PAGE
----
As we watched people gathering flowers, this little boy started gathering and giving us what he got.  Guess he figured we needed a little help getting started.  Soon he and Jack were gathering together.  So now we have a handful of dried flowers to brew into a tea that cures what ails 'ya.  Thanks, Hermano Pedro.

Friday, February 11, 2011

Roaming.....


La Calvaria
Palace of the Captains General

El Arco (Arch) de Santa Catalina









So far in Guatemala we've been doing a variety of things: teaching and coaching at Common Hope, enjoying the people who work there, studying Spanish (4 horas), eating out a lot (alone and with new friends), figuring out food shopping, etc.  Another thing we've done a lot is ROAM.  Antigua is a great roaming city.  It's small and manageable, the streets have a Manhattan-esque numbering system of streets (calles) and avenues (avenidas) so it's difficult to get lost, and there are tons of out of the way things to discover.  Mainly there are churches.  In the 16th through 18th centuries, Antigua was the Spanish capitol of Central America, and the Spanish built lots of big stone buildings, especially churches.  After an unfortunate earthquake in the 1770's, the capitol was moved to Guatemala City and Antigua became a smaller, sleepier town with lovely ruins.  The buildings that have been restored are usually painted yellow and white.  The non-restored are just gray.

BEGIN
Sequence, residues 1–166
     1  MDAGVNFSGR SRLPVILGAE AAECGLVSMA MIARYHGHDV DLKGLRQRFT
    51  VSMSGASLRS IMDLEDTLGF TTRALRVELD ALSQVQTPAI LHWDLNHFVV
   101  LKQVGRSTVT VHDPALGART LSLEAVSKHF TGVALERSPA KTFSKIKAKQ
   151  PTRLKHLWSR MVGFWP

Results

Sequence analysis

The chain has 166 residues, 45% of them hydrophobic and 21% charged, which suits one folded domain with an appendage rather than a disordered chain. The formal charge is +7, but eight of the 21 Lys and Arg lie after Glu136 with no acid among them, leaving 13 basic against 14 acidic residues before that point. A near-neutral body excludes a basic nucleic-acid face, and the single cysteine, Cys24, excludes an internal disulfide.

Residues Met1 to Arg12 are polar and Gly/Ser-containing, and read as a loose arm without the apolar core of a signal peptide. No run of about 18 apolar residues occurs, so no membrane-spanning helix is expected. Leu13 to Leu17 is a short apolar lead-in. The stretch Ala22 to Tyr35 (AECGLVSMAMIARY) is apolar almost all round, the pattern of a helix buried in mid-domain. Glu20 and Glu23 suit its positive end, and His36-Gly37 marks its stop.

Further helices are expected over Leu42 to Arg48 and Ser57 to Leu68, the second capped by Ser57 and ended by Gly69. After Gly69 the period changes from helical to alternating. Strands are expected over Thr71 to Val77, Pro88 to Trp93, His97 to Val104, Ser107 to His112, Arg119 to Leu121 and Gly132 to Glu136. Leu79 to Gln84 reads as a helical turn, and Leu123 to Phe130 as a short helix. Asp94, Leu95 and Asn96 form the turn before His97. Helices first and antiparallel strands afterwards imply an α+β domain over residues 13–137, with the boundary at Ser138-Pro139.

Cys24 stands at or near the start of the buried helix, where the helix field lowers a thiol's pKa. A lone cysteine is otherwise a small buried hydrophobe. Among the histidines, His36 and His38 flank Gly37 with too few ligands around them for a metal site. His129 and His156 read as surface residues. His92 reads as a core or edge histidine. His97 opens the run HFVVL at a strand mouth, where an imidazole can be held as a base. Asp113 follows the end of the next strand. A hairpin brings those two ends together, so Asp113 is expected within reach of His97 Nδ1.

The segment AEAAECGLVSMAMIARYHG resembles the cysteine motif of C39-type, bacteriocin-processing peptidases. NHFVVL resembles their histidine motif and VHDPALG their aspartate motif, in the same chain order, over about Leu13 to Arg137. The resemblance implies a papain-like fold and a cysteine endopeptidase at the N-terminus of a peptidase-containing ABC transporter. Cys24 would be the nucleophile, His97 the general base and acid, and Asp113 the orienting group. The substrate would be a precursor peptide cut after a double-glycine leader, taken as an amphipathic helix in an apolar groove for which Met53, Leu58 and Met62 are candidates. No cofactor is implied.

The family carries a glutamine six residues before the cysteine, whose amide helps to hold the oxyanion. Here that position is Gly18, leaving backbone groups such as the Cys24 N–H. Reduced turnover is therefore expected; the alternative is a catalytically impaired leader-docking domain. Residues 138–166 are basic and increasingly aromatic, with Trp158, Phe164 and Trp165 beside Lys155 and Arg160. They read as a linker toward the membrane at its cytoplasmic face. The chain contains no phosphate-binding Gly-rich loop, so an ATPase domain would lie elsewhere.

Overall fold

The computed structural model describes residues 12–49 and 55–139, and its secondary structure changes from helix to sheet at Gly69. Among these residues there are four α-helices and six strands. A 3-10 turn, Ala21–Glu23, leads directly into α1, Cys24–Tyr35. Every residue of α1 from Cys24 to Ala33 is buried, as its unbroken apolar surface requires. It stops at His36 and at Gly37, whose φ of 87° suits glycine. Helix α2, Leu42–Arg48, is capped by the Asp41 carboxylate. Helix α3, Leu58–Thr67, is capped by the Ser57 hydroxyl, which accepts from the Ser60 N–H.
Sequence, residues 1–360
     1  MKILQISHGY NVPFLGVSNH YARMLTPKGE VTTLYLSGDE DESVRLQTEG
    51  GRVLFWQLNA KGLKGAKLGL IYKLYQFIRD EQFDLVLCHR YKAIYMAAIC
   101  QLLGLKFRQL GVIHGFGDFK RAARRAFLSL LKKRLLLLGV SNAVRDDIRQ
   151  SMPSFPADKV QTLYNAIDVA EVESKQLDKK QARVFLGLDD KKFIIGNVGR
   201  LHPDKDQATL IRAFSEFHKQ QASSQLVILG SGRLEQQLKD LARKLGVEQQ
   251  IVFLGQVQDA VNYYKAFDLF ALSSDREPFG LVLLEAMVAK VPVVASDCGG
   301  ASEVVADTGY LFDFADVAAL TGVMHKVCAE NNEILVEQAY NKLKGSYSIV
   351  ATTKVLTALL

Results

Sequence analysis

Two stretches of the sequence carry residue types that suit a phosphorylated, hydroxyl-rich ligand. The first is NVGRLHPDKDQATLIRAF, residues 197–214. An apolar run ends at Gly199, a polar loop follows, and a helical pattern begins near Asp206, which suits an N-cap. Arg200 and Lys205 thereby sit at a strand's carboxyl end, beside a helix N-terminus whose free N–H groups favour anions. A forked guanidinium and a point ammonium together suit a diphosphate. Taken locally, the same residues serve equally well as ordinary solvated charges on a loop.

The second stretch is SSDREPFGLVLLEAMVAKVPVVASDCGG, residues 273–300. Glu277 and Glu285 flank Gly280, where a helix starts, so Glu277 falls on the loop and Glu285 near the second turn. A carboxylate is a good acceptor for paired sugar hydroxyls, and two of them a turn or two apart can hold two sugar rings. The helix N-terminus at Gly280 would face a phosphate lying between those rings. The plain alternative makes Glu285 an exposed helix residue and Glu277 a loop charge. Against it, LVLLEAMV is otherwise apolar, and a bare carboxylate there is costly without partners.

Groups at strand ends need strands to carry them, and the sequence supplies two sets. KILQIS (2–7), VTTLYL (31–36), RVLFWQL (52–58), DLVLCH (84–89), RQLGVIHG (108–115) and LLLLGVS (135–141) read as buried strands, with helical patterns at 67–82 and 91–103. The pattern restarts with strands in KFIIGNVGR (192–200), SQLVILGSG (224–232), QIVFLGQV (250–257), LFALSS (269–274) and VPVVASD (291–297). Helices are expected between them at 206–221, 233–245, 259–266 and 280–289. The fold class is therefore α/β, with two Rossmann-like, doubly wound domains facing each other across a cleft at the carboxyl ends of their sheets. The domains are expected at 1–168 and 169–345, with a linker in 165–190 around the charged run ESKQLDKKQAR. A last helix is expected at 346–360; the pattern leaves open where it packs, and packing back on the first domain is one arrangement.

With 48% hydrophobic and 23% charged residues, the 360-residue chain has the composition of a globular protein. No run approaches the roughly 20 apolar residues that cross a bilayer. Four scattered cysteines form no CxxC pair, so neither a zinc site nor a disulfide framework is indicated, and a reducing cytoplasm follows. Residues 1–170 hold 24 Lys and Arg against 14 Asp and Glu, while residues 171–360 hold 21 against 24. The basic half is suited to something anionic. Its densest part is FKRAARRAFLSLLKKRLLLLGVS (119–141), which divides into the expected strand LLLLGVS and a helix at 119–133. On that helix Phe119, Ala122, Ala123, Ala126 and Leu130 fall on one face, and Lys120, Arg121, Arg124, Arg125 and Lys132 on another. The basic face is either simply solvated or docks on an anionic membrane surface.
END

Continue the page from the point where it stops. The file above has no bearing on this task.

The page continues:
La Merced






Our Digs


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I want this bedspread!
 Here are some photos of our cute little condominio.  It's small but cozily fine for the two of us.  The internet connection (including wireless) is very good, which allows us to do a lot of our prep work at home.  There's only a small volcano view, to Jack's chagrin.  Right on the bus route and 10 minutes to Common Hope, 10-15 minute walk to city center.  We only rented this for February as we thought we could look for another place when we got here for March.  We're zeroing in on a very nice find - REAL volcano view, not so good internet connections, two minutes from the market - so we'll see.